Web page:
LOOKING BACK AT JUDITH BULL’S school reports, it’s obvious she was smart. But once she found her adult ADHD diagnosis.
It’s also obvious she struggled to concentrate. “Every school report was the same,” she sighs. “I kept thinking if only I could try harder and focus. If only I could keep my mouth shut. If only I could fit in.”
Age and maturity didn’t improve the situation. She made impulsive business decisions that failed, interrupted people and blurted things out without thinking and then, two months short of her 50th birthday, she went to see a psychologist. “After the third session, she said, ‘Did you know you have ADHD?’ It was a light bulb moment. Finally, I could see a reason for my behaviour.”
Sydney-based Judith saw a psychiatrist and was prescribed Ritalin, which belongs to a class of drugs known as stimulants that can help people with ADHD stay focused. The resulting calm enabled her to put measures in place to improve her life and university studies. “I’ve learned to stay on task, keep my desk tidy, have my clothes ready. My life is now very regimented.”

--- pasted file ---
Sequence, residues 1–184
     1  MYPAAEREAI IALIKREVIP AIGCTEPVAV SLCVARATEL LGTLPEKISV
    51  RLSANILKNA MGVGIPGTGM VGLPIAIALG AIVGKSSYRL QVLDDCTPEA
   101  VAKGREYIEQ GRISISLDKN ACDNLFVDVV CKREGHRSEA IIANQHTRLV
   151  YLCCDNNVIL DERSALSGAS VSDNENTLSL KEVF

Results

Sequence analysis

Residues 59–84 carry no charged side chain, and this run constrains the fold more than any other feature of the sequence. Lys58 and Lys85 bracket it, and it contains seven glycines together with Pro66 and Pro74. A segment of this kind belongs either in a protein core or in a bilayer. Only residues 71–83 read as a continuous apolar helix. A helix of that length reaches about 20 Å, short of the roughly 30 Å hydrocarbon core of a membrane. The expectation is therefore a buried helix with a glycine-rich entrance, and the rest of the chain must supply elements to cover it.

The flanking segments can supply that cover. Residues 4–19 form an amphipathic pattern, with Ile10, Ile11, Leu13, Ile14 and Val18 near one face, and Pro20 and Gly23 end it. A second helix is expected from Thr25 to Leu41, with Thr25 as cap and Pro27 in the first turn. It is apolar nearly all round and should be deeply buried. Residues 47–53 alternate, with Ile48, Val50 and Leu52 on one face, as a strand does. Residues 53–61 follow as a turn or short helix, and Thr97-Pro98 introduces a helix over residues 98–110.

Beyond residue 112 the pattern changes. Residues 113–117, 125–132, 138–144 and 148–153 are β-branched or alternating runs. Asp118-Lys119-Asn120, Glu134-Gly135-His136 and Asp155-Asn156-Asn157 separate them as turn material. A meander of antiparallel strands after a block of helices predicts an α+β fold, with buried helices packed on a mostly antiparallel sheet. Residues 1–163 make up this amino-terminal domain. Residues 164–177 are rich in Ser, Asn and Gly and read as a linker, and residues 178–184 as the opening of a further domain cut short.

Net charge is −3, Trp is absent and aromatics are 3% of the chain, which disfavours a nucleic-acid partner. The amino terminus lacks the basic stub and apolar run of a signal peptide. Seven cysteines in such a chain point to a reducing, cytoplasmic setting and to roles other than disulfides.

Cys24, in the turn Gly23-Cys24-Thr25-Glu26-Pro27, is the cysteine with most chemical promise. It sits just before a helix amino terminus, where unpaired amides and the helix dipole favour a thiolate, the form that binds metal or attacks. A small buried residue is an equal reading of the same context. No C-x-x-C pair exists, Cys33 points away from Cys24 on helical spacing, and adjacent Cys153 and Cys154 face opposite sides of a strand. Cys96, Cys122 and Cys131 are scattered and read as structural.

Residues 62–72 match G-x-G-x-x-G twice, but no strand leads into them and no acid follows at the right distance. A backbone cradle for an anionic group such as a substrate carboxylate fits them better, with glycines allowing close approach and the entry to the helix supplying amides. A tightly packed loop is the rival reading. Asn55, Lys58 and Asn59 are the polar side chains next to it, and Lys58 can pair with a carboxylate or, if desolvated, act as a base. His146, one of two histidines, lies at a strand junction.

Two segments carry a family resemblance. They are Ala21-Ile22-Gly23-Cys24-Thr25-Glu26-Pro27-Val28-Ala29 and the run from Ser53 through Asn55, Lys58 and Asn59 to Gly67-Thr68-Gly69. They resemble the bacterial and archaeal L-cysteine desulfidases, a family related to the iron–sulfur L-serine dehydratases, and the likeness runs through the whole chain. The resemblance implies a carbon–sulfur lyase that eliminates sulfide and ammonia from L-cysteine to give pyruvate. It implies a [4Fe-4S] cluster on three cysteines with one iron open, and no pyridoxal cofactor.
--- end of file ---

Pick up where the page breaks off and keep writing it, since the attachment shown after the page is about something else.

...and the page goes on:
Now 55, the adult ADHD diagnosis also enabled her to power through degrees in business management, accounting and IT. She’s planning a PhD on ADHD in the workplace and has become president of ADDults With ADHD, a charity dedicated to improving the lives of adults living with the condition.
ADHD, which stands for Attention Deficit Hyperactivity Disorder, has been a battlefield in the mental health arena, often dismissed as a behavioural issue rather than what it is – a neurodevelopmental disorder. It’s characterised by symptoms of inattention, impulsivity and sometimes hyperactivity. It can be managed, but there is no single known cause or cure.
Many other women, like Judith, find their adult ADHD diagnosis later in life. In sharing these stories we can bring greater awareness and achieve an earlier diagnosis for women in particular.